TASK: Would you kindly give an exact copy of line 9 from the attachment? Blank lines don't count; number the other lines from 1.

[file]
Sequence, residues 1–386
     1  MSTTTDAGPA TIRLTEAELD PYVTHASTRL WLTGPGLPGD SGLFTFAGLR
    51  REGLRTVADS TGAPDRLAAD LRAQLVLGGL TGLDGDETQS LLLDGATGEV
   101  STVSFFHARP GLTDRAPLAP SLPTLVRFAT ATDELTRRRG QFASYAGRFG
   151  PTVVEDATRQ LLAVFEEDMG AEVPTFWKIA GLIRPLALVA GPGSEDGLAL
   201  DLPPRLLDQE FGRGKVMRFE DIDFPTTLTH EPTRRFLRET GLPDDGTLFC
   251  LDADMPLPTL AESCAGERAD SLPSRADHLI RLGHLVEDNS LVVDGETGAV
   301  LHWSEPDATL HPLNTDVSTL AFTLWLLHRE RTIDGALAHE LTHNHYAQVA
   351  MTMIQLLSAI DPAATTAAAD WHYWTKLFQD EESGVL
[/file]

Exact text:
   351  MTMIQLLSAI DPAATTAAAD WHYWTKLFQD EESGVL